For afternoons, I like Spotted Cow when it’s warm and Oktoberfests when it’s cool outside. My favorite treat is a good German dunkel lager. I’m really flexible, but I’m more of a malt fan than a hops fan.
For liquor, Gentleman Jack whiskey wins. Usually neat but sometimes in a Manhattan. I’ll go with a cheaper whiskey when I make an old fashioned. The key thing is to never use an old fashioned mix (or for that matter a margarita mix). It’s worth the effort of muddling for the old fashioned and squeezing some limes for a margarita.
Oh, and I can’t stand Bloody Marys. Boozy gazpacho just doesn’t appeal to me. Can I just order the garnishes?
Matt: So this will depend on the time of the game. For an 11 a.m. game I am not afraid of a nice coffee stout. Before I run down a rabbit hole of different ones I like I will just say the Coffee Bender from Surly for example. But who am I kidding, I will drink any beer, any time.
For later games I always enjoy Oktoberfest beers, and I do enjoy my fair share of IPAs as well. If it is very hot, a refreshing wheat beer or lager is always good to.
For liquor, I do enjoy a Bloody Mary for the early games. Other than the 11 a.m. games though I will usually stick to beer. If I am at home sometimes I will break out whiskey for a later game though, my favorite is Rowan’s Creek, a small batch Kentucky bourbon.
Rock: Bushmills in an Irish coffee. In one serving, you have the whiskey from the oldest licensed distillery in the world, two elements that will keep the chill of an 11 a.m. November kick at bay, and the stimulants and alcohol that will accelerate your natural hype for college football games. It’s more sophisticated than schnapps in hot chocolate, lighter on the belly than a mimosa, and simpler than a Bloody Mary.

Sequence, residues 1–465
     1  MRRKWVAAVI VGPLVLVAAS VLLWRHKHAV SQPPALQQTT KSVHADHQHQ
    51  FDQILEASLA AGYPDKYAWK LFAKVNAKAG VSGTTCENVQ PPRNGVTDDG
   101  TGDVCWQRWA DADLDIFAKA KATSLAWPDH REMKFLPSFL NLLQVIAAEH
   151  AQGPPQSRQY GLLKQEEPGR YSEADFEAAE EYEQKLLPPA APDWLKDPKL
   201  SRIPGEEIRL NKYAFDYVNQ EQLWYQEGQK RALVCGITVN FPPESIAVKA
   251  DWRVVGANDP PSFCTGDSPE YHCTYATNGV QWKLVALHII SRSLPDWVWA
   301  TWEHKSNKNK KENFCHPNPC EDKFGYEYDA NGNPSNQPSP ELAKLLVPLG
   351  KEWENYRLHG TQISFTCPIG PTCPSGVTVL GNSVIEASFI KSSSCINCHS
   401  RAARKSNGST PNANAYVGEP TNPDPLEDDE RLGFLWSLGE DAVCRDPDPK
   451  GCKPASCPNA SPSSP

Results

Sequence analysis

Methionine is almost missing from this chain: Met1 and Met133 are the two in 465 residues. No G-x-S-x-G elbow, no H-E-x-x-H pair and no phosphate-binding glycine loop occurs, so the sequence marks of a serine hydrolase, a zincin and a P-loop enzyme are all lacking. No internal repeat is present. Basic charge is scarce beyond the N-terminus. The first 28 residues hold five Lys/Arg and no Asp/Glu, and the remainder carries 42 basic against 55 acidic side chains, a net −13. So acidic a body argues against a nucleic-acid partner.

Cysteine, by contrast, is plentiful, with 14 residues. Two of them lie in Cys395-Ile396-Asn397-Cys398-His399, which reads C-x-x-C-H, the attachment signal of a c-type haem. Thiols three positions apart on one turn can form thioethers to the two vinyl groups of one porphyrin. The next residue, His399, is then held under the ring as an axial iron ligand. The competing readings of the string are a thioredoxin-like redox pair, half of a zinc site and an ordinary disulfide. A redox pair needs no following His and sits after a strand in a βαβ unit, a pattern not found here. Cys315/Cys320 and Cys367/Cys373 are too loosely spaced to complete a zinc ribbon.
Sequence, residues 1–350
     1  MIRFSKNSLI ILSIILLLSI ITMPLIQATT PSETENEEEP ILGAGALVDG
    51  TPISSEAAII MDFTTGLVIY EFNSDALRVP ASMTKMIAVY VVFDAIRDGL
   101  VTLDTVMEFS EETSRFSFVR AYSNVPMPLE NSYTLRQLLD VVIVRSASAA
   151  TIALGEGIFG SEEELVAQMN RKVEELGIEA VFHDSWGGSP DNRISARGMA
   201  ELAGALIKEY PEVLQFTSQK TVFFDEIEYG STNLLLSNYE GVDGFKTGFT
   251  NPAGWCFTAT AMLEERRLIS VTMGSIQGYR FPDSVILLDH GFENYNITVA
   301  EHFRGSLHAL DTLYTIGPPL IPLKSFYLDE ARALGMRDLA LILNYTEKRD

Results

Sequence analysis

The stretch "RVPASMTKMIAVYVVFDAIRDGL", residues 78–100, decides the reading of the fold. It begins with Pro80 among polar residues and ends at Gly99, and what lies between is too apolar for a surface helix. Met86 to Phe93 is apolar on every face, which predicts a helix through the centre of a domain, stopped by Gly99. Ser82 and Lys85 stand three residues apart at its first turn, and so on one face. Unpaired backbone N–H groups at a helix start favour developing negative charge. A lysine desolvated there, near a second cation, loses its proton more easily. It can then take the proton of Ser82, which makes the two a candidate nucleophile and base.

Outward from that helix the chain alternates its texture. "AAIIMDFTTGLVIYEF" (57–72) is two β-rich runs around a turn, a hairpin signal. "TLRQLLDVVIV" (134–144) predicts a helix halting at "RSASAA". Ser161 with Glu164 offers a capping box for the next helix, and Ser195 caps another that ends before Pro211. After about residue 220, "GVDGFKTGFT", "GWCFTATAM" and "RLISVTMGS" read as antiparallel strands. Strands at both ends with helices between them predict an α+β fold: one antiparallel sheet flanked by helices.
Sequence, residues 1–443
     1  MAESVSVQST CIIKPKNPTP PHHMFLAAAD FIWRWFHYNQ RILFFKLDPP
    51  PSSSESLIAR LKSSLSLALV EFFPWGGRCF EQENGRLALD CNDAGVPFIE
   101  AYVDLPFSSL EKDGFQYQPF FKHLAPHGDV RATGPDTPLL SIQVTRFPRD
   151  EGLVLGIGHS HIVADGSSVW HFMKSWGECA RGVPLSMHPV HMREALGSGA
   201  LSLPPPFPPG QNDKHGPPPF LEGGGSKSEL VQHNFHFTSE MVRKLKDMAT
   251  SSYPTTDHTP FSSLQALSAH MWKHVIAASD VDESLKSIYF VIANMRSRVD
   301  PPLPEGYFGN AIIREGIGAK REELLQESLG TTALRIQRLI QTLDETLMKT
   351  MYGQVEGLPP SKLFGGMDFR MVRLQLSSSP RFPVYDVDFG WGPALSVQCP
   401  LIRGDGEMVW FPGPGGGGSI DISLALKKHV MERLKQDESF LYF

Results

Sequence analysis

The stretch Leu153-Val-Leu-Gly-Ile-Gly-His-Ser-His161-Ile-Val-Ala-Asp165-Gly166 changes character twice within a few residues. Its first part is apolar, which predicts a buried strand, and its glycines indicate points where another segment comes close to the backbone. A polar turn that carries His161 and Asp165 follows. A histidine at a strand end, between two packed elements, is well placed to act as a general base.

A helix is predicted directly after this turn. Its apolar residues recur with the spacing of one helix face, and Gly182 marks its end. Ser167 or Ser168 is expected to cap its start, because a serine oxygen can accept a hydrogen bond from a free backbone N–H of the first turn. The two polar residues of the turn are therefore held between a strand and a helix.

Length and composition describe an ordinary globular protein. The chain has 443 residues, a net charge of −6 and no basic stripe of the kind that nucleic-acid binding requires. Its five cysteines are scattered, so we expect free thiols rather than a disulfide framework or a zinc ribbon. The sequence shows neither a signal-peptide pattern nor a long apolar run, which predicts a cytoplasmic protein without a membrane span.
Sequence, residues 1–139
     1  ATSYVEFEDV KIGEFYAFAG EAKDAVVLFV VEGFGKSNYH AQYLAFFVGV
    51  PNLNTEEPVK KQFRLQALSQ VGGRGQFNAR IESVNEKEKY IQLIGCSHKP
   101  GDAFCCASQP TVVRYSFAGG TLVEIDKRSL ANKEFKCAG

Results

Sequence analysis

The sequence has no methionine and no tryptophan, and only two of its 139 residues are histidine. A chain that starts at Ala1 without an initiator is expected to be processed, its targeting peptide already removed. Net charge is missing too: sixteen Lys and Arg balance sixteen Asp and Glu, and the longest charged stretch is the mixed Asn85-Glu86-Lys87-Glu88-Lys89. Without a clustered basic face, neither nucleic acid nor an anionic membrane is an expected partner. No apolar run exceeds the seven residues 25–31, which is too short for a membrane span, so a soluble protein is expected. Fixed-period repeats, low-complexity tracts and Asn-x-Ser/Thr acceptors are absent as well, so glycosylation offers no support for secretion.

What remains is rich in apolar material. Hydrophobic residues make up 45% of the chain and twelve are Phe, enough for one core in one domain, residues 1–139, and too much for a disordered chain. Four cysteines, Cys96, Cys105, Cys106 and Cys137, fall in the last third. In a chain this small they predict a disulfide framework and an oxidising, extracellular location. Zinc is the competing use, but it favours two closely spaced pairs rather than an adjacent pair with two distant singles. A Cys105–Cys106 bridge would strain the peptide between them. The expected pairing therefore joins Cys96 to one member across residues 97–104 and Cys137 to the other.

But, there is a hard limit on how much caffeine I can handle before I just never go to sleep that night, and decaf is an oxymoron. When I’m switching to beer, it’s some combination of New Glarus Moon Man, Ale Asylum Bedlam!, or ideally Schlitz but let’s face it, it’ll be Miller Lite because Schlitz ain’t a common request yet.
Tyler: For 11 a.m. kickoff’s its Bloody Mary time for me. One of those with a beer chaser and maybe one more on top of that is good. Later in the day and the options open up. If I am casually enjoying a few, any Leinie’s or New Glarus. Honestly anything local. I wanna taste the Wisconsin in the beer. No Coors Light. All booze tastes like garbage to me, so I’m usually not going for that on game days. Now after the game? Get me a few vodka sodas and watch me cut a rug at Wando’s. When I start playing the air bass guitar, its over.
Drew: Alright, Tyler is rehired. Who plays air BASS guitar!?!? I love it. My beer snobbery knows, basically, no limits so I’m usually starting off the tailgate (or shower before leaving the house) with something fancy. I lean towards hoppy and local because, despite my beer snobbery, I am also a basic bitch. If we are in Madison, Karben4, Ale Asylum, Brewing Projekt or Third Space are probably in my cooler. If the temperature is below 70 degrees? New Glarus Staghorn all day, baby.
After a couple of decent beers you have to switch to Miller Lite, with a water mixed in, or you won’t make it. I know from, well, let’s just say I know from experience. Like Bob, I’m not the biggest Bloody Mary fan, but sometimes those early kicks do call for one. I like to carry a little pocket whiskey on me as well, regardless of kickoff time, because it mixes well with stadium Dr. Pepper.
If I’m feeling fancy I’ll drink Old Weller Antique 107, but I only have one bottle of that and I can’t find any more so it has to be a big game for that to come out. If I’m feeling regular and we’re playing, like, Central Michigan, Old Grand-Dad Bonded is the bourbon for me. I also like rye. I have a lot of rye in my bar. Dad’s Hat from Pennsylvania is good. Also, Mellow Corn whiskey is good too.
If we are hanging out after the game, and we usually are, another beer or two to ease into whatever prime time games are on and then fall asleep before halftime! A beautiful day imo.